Lupul: What the Maple Leafs must do to contend

Toronto Maple Leafs forward Joffrey Lupul suffered a lower-body injury during Tuesday's win. (AP Photo/Jae C. Hong)

It was seven games of some of the best hockey Joffrey Lupul had seen in his life, and it conjured a stark realization.

His Toronto Maple Leafs are nowhere near ready for the level of excellence that was on display during the epic Western Conference final between the Chicago Blackhawks and Los Angeles Kings – a back-and-forth heavyweight tilt between the three most recent Stanley Cup champions.

“You felt like no one deserved to lose,” Lupul told Sportsnet in a recent interview. “Watching some of that, it’s safe to say our team has a ways to go before our team is competing with them year in, year out.”

It was a rare moment of candour from a hockey player, albeit a 30-year-old one with perspective. And it was swiftly balanced with a splash of hope.

“That’s not to say we can’t get there,” Lupul added. “Both of those teams, before they were champions, had to go through some adversity. We need to use some of the adversity we’ve had over the last couple years as experience and turn ourselves into one of those championship teams that contend regularly.”

The Maple Leafs’ adversity is well-documented, so we won’t retrace the route of Toronto’s blue-and-white 18-wheeler, only to say that time has not healed the frustration Lupul and his teammates experienced while dropping 12 of their final 14 games last season while tail-spinning to 23rd place overall.

“It’s still equally as disappointing now,” Lupul said. “The difference between winning and losing is so small in the NHL, and I think a lot of those games I look back and think we played well enough to win but we didn’t. A key for us going forward this season is just to keep our foot on the gas. If we’re in a playoff spot, try to extend that lead, try to go for first. Don’t just be satisfied. Things happen: a couple of injuries, some bad luck. Next thing you know, you’re on the outside looking in.”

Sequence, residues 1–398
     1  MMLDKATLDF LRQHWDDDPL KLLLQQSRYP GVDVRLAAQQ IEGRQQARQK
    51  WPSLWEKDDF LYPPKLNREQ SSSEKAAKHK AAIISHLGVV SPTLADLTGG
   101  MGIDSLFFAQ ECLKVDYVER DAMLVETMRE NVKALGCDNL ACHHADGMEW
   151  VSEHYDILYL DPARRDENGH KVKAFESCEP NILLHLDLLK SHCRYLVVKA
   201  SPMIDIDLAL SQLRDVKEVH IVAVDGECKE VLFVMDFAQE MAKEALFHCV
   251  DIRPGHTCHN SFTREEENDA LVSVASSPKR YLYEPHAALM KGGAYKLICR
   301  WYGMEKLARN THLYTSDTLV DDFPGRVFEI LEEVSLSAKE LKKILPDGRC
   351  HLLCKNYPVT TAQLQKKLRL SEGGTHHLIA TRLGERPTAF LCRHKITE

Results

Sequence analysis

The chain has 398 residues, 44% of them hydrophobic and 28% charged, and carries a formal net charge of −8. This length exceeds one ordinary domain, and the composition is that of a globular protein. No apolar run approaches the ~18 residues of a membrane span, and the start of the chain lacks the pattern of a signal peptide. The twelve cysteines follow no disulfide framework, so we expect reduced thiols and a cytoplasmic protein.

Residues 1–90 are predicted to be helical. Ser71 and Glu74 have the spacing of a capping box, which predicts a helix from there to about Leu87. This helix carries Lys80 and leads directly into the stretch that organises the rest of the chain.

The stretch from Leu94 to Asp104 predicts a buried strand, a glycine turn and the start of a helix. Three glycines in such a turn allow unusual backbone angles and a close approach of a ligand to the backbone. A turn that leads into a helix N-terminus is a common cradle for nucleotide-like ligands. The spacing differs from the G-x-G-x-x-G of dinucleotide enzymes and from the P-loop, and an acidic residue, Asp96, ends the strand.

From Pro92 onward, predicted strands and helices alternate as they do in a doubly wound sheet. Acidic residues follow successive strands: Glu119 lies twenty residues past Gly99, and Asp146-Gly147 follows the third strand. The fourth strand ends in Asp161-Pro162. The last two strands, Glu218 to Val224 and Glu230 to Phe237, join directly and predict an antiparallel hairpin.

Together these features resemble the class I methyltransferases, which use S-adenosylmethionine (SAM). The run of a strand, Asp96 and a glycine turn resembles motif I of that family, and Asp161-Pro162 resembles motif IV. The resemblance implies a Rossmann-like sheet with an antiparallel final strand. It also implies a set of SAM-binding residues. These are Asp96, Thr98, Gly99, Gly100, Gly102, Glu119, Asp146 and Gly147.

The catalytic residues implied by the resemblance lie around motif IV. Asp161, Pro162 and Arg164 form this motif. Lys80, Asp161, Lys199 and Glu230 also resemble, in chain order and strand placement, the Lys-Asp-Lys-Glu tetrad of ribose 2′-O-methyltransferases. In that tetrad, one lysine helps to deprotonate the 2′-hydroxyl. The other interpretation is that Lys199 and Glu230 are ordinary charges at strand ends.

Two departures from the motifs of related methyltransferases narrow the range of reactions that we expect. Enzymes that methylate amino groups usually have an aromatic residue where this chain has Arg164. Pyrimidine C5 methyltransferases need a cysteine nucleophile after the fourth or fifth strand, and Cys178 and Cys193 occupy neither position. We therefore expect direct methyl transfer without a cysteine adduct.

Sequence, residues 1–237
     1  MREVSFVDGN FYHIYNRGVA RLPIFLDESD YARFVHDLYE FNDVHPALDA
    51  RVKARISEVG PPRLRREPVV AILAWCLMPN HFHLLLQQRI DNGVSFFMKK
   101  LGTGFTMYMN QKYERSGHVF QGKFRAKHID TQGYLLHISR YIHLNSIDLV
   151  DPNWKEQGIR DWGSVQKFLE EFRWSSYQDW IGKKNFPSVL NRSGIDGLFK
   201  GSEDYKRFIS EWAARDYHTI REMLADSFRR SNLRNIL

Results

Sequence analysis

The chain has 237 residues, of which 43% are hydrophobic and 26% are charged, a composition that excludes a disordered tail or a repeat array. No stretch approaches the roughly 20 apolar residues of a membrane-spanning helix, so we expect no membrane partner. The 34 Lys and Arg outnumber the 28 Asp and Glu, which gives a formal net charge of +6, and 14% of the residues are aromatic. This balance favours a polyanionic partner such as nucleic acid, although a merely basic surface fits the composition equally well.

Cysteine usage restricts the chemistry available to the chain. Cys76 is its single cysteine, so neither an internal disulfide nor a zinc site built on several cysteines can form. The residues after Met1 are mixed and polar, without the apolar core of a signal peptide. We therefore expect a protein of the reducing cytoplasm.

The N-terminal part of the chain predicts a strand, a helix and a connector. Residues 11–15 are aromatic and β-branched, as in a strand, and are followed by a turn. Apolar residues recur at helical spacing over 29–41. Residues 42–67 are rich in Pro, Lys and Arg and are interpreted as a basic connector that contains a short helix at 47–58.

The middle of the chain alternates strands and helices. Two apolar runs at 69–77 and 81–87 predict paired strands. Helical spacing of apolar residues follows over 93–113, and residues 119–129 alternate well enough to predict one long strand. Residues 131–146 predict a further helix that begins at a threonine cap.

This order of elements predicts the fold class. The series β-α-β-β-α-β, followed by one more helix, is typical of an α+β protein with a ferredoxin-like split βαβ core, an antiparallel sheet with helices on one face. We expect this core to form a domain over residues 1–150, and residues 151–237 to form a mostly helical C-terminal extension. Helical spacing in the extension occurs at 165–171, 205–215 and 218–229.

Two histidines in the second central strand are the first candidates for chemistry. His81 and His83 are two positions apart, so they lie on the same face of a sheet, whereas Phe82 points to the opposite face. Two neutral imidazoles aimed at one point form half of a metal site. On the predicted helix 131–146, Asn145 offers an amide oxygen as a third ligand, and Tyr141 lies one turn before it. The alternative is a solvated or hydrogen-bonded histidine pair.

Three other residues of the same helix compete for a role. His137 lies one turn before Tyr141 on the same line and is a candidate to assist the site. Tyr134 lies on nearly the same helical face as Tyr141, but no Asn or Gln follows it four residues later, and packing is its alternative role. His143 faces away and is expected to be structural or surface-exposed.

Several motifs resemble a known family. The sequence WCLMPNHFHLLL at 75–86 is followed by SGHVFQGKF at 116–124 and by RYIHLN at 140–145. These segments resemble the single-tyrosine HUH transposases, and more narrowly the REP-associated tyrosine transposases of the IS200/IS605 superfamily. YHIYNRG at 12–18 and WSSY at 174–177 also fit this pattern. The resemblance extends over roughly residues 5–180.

Which brings us to the central question: How can the 2014-15 Leafs avoid another late-season crash?

In addition to hungrier, the Leafs need to get older and wiser, Lupul says, and he appears to be on the same page as his general manager. When Dave Nonis signed 37-year-old free agent Stephane Robidas on July 1, the veteran defenceman instantly became the eldest player on the Leafs’ roster, by five years. Plugger Colton Orr is 32, Lupul and David Clarkson are 30 while the rest of the team is in their 20s. By comparison, the Kings have nine players aged 29 or older; the ‘Hawks have eight.

“When I see teams that have success in the playoffs, they did it with a lot of veteran leaders,” said Lupul. “I think we have a lot of good, young players, but when it comes down to playoff hockey and crunch time, it seems the teams that have the most experience are winning. L.A. is a great example of that. Three or four times in that playoff run I thought they were done, but they delivered, and it always seemed like it was the veteran guys doing it. So you want to add experience, size, puck-moving defencemen—but it’s funny, so do the other 29 teams.”